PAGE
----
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Issue 72


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Inspiring Hospitality Design


Editor Stirling Johnstone Mobile: 0788 402 1551 Tel : +44 (0)20 7833 3772 editor@gsmagazine.co.uk


Design Miles Johnstone Tel : +44 (0)7888 998208 design@gsmagazine.co.uk


Cover Image The Poli Hotel, Tel Aviv, designed by Karim Rashid. Photography: Eric Laignel


Photography Bando E&C Eric Laignel Richard Southall, Emphasis Photography Rocco Photography


Contributors Fay Gristwood Harry Harris Henry Chabaale 0 Nikki Weetch Yorgo Lykouria


Print Stephens & George, Wales


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editor’s note I


recently met a young designer who said she was a fan of GS Magazine. She told me that she particularly liked the projects where designers create new bars and restaurants within much older buildings. That, she said, was inspiring, which got me thinking. We Brits have a healthy obsession with architecture, we protect buildings of historic interest and grade them to ensure that the real treasures are preserved. We also recognise


the importance of breathing new commercial life into properties that no longer serve their original purpose: old mills, factories and warehouse, stables, town halls, banking vaults, breweries, office blocks, churches, schools, country houses, even jails and underground toilets. These buildings provide ample inspiration for designers to create appropriate schemes within them and by and large they get it right, GS Magazine is testament to that. The stories we run are intended to inspire. But is it necessarily the case that, with a skilled designer, any theme can work in any building? I think not. There’s no rule book as far as I’m aware but generally old in old tends to work. In other words period furniture and fabrics in period houses sit comfortably together. They were made for each other. New in new also works. New in old can often work, providing the designer is respectful of the building’s fabric, but rarely in my experience does old in new work well together. Adding a cobblestoned floor or reclaimed timber beams to a unit in the middle of a shopping mall does nothing to provide a sense of period. It’s naff. Regular readers will be aware that we have never reviewed a Harvester restaurant, nor anything that begins with Ye Olde in its title for that same reason. That’s not to say they can’t be successful commercially, but they do precious little to inspire.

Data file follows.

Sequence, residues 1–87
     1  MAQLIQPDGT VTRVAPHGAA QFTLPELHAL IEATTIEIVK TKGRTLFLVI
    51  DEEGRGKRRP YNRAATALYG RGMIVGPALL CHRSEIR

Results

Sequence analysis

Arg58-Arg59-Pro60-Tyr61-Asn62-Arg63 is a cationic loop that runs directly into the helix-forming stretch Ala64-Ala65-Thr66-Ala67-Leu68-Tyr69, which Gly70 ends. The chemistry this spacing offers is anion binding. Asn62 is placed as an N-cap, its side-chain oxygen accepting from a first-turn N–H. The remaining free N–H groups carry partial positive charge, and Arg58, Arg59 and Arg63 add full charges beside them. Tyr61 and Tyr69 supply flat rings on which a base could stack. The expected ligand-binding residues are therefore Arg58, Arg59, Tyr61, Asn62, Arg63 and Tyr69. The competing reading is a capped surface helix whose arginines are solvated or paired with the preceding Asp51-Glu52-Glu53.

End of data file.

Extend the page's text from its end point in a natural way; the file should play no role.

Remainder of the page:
Stirling Johnstone Editor GS Magazine 3


SUMMER 2016


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